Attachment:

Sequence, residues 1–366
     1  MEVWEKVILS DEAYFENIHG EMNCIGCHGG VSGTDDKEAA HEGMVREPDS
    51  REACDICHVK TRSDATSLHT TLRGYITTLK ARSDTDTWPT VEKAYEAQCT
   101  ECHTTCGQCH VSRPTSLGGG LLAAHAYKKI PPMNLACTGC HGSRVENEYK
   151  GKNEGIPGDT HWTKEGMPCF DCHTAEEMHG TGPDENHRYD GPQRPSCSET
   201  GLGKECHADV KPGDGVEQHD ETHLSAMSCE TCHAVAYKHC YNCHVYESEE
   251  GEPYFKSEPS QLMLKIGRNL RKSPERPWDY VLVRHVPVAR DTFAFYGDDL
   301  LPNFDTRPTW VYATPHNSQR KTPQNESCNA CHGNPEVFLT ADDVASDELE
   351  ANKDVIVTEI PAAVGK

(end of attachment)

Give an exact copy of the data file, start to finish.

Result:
Sequence, residues 1–366
     1  MEVWEKVILS DEAYFENIHG EMNCIGCHGG VSGTDDKEAA HEGMVREPDS
    51  REACDICHVK TRSDATSLHT TLRGYITTLK ARSDTDTWPT VEKAYEAQCT
   101  ECHTTCGQCH VSRPTSLGGG LLAAHAYKKI PPMNLACTGC HGSRVENEYK
   151  GKNEGIPGDT HWTKEGMPCF DCHTAEEMHG TGPDENHRYD GPQRPSCSET
   201  GLGKECHADV KPGDGVEQHD ETHLSAMSCE TCHAVAYKHC YNCHVYESEE
   251  GEPYFKSEPS QLMLKIGRNL RKSPERPWDY VLVRHVPVAR DTFAFYGDDL
   301  LPNFDTRPTW VYATPHNSQR KTPQNESCNA CHGNPEVFLT ADDVASDELE
   351  ANKDVIVTEI PAAVGK